Friday, January 27, 2012

Remember Governor Moonbeams? Now there's Newt Gingrich

Thinking outside the confines of the box, California Governor Jerry Brown was called Governor Moonbeams back at the time he was seeking nomination of the Democratic Party for US president around 1980.

Cynical pundits can now put the moonbeams label on Newt Gingrich for his recently revealed proposal to establish a colony on the moon by 2020.

If "liberal" Jerry Brown gets laughed at for thinking outside the confines of some journalist's cubicle, folks can now laugh at "conservative" Newt Gingrich.

Thinking beyond the mundane is something I applaud, but one does have to ask, where's the money going to come from for "fast tracking" a moon colony; especially while Republicans, like Newt, try and downsize the government. Of course government isn't the only source of money for space technology, but corporations don't seem to be clamoring for a moon base in the near future.

By the late 1970s, Governor Brown expressed a fascination with outer space and proposed that California launch its own space satellite. His 1980 campaign slogan was "protect the earth, serve the people and explore the universe."

In a nutshell, that's basically what society should be doing, but Brown got snickered at for presenting the "big picture."

So now it's Newt's turn. snicker, snicker. Who's going to pay for said moon colony?

Yes, even Republicans can be accused of idealistic dreams, thinking outside the mundane. Something I'd often applaud, being a space exploration advocate myself, but if Jerry Brown can get flack for this, so should Newt Gingrich.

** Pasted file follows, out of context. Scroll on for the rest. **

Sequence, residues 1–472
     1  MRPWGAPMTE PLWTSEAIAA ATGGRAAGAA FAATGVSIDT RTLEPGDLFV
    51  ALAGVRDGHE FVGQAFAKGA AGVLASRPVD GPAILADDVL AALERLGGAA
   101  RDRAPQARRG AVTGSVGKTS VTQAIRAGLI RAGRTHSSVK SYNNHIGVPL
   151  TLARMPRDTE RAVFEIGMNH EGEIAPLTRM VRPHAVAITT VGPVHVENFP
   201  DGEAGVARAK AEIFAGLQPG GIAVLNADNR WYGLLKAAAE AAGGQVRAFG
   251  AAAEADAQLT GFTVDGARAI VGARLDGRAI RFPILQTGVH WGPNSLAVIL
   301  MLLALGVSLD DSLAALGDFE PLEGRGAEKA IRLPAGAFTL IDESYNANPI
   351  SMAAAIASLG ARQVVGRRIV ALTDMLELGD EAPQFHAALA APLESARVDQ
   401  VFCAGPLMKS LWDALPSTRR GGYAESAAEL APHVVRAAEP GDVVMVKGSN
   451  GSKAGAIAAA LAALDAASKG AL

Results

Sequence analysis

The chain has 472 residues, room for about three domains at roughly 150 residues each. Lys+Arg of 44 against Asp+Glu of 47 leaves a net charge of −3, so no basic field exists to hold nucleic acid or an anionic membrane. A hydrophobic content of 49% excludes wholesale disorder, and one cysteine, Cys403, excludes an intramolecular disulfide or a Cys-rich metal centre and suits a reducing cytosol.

Speaking of California, where far reaching ideas can percolate and Jerry Brown is now serving again, many years later, as governor, there's another way out proposal. This time it's not from the governor, but from another Republican; like Newt Gingrich.

Congressman Dan Lungren is toying with the idea of draining the Hetch Hetchy Reservoir to expose another Yosemite like valley in California. It's quite a dream to have a second valley like the majestic valley that graces Yosemite National Park. There's a cost, of course, which would be draining the Hetch Hetchy Reservoir. Hetch Hetchy now provides water to the city of San Francisco and much of its surrounding area.

Hetch Hetchy Valley was flooded by a dam built early in the last century. That dam was opposed by an early environmentalist, John Muir, but the water stored in that reservoir has served San Francisco for decades. Draining that reservoir means having to find a new way of suppling San Francisco with water. It could be expensive; especially, as employees of the San Francisco Water Department point out, if it involves burning energy for pumping water all the way to the city. That water can currently flow all the way through a gravity feed system. Loss of the high reservoir (Hetch Hetchy) would, most likely, make pumping more necessary.

Is the San Francisco water department just a bunch of government bureaucrats who say it can't be done, or are they the true one's watching out for the taxpayer's pocketbook?

Lungren has proposed at least doing a study to look into the feasibility of this dream for a second Yosemite, but critics remind him that money is tight.

Dream on, both Republicans and Democrats. I can't fault folks for striving to have achievements beyond the mundane. As we dream, we all deserve the term moonbeams and we should be careful when we poke fun at people. Those who dream of living in glass houses can't throw many stones.

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